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Why experts remain ‘very concerned’ about the first COVID-19 vaccine trial

The COVID-19 vaccine trial might face a major issue when it comes to minority groups

Dr. Anthony Fauci — one of the country’s top infectious disease experts — said during a livestream interview with Healthline that he doesn’t see a vaccine being required by the U.S. government.
Dr. Anthony Fauci — one of the country’s top infectious disease experts — said during a livestream interview with Healthline that he doesn’t see a vaccine being required by the U.S. government.
Alexander Zemlianichenko Jr., Russian Direct Investment Fund via Associated Press

The first coronavirus vaccine trial has been moving along well. But experts worry that there might not be enough minorities involved in the trials, CNN reports.

  • Black and Latino people account for more than 50% of COVID-19 cases but only make up 15% of participants in the first large-scale clinic trial in the U.S., according to CNN.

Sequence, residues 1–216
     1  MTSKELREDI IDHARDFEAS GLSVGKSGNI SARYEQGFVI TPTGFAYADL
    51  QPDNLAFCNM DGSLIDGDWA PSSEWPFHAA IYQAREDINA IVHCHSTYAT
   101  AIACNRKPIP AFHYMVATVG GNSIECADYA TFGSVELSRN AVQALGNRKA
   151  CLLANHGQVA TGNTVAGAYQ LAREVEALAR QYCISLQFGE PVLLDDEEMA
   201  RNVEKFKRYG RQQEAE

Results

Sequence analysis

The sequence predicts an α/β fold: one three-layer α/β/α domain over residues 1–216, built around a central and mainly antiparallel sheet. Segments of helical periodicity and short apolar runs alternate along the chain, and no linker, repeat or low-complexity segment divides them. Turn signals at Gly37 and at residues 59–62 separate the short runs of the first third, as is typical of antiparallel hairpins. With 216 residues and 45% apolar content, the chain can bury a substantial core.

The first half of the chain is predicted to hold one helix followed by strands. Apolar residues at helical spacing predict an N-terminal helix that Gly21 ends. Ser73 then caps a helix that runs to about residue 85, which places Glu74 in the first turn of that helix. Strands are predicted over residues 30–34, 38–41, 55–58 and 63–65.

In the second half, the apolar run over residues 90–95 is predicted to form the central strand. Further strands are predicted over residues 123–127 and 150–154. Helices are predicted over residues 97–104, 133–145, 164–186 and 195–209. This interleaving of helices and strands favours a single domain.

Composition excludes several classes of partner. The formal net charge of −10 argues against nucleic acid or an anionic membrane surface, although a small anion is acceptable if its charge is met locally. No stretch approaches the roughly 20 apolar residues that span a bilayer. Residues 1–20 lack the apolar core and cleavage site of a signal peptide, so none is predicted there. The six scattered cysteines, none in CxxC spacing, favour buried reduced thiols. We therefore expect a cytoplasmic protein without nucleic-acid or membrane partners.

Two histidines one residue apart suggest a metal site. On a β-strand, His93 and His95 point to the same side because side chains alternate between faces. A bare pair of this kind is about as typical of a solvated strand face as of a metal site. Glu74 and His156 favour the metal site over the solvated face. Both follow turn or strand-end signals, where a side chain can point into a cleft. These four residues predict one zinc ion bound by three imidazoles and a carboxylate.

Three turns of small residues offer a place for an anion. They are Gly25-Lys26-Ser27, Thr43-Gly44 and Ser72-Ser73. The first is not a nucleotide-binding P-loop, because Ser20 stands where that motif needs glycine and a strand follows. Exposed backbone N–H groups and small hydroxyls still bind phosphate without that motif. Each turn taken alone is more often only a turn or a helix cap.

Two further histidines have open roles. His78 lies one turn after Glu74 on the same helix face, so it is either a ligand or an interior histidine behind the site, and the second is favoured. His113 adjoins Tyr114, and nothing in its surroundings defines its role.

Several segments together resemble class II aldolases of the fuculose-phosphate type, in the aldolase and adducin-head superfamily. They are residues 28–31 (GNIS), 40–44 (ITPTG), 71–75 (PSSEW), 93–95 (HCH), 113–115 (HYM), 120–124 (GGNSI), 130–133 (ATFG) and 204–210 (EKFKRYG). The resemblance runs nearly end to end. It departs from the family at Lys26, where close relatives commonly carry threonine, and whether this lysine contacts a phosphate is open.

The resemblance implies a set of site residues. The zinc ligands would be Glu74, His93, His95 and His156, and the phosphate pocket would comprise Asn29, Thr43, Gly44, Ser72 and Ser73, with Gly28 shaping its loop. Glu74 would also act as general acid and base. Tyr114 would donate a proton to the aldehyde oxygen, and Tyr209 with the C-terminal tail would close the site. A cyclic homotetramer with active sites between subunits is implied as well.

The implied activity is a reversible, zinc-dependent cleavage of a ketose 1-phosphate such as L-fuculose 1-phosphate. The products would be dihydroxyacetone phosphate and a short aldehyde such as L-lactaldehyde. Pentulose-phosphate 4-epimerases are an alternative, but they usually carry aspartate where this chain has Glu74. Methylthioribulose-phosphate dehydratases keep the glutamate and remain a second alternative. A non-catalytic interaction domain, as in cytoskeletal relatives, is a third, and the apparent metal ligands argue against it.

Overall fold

• This could delay a vaccine to the marketplace.

For example, Moderna — the first U.S. company to conduct a Phase 3 clinical trial — hopes to enroll 30,000 participants in the COVID-19 vaccine study. It already has about 8,300.

A low percentage of minorities might not help get the vaccine released by early 2021, according to CNN.

“There’s a lot of discussion now about how Moderna can change the direction of their ship so they can optimize the enrollment of key populations.” — Dr. Nelson Michael, director of the Center for Infectious Diseases Research at Walter Reed Army Institute of Research, who has been assigned to work with Operation Warp Speed.

Similarly, The New England Journal of Medicine revealed in new research that the trials lack Black and indigenous people and people of color despite their higher rates of coronavirus infection.

“Lack of diversity in clinical trials may stem from long-standing medical distrust on the part of minority communities, but the problem may be compounded by cost (in particular, hidden costs for such requirements as fuel, parking, meals and lodging), poor health literacy, lack of information, language barriers, limited accessibility and implicit biases against minorities” — researchers noted, according to University of Georgia.

Researchers hope more minorities will volunteer for the studies to help push the trials along.